I have a confession to make. This isn’t easy for me to tell you, and it might make you think considerably less of me. Ready? Here goes nothing…I have never used Linux before. I’ve had an interest in the operating system for a while, but I’ve simply never gotten around to trying it out.
Feel free to take a few moments to stop laughing before you continue reading this article.
Thankfully, there is hope for me yet. I’ve decided that I will, at long last, start using Linux. I’m going to start small, mind you – I’ll probably just run whatever distribution I end up deciding on in a virtual machine for the time being. Maybe I’ll see if I can grab an old PC online to convert into a full-fledged Linux box which I can mess around with. At the moment, I’m still in the research stages, and I’ve come across some fairly useful stuff in my wanderings. Feel free to contribute a few resources of your own, if you find this list to be woefully inadequate.
Oreilly.net (Linux Commands Directory): This one’s pretty self-explanatory. It’s a directory of pretty much every single basic command in Linux (as well as details on what each command does). If you’re trying to figure out how something works, or what something does, this is the place to go.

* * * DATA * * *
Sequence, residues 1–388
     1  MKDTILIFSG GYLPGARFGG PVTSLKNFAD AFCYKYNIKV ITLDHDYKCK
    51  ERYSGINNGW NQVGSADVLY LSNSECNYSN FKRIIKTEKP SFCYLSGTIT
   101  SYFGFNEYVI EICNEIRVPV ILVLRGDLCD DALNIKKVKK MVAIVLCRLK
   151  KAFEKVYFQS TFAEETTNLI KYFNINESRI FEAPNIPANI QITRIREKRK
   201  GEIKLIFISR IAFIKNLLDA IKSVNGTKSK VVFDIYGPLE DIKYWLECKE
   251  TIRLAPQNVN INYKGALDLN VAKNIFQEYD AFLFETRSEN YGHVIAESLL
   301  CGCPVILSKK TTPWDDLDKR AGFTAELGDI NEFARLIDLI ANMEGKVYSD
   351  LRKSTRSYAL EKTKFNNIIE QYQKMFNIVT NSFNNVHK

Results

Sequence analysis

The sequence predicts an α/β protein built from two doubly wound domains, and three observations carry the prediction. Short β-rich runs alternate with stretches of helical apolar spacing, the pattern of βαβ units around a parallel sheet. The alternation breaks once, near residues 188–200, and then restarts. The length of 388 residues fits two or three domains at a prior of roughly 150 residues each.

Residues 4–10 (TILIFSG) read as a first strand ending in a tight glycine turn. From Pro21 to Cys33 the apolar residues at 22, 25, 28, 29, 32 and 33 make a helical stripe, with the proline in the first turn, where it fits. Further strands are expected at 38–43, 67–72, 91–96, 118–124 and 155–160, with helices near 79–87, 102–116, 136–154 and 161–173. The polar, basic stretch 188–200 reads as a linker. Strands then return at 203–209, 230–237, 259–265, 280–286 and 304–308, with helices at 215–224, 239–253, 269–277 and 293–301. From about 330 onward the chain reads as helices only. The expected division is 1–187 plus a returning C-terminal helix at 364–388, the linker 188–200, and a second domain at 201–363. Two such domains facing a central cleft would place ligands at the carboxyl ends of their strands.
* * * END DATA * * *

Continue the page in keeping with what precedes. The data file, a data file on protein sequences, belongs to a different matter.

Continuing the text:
The Linux Subreddit: I’ve said it before, and I’ll say it again: you can find pretty much everything on Reddit. The Linux subreddit contains news, advice, and information in droves about the open-source OS, and is actually pretty useful for learning some stuff about it. If you’re feeling confident, you can pore through the posts to find a cool project to do, or simply look to get some help with a particularly irritating problem. Either way, don’t discount Reddit as a resource for learning Linux.
How-To Geek: For those of you who don’t know, How-To Geek is a massive help center/blog related to all things about technology. There’s an Encyclopedia’s worth of how-to’s and tutorials related to Linux, as well as a bunch of cool tips and tricks.
The Linux ie Beginner’s Guide: Again, pretty much what’s written on the box. It’s a tutorial for anyone who’s new to Linux, and walks you through the initial installation process, hardware configuration, and all the most basic (and most important) commands.
Distro Watch: Deciding on which Distro to use is probably one of the more difficult tasks when it comes to using Linux. DistroWatch contains information on pretty much every Linux distribution out there, as well as updates and new releases. The site is a bit overwhelming simply due to the sheer volume of information, but it’s still a useful resource if you’re trying to figure out a distribution (or keep abreast of updates once you’ve settled on one).
That’s what I’ve found so far. If any of you’ve any further suggestions, I’ll gladly add them to the list.
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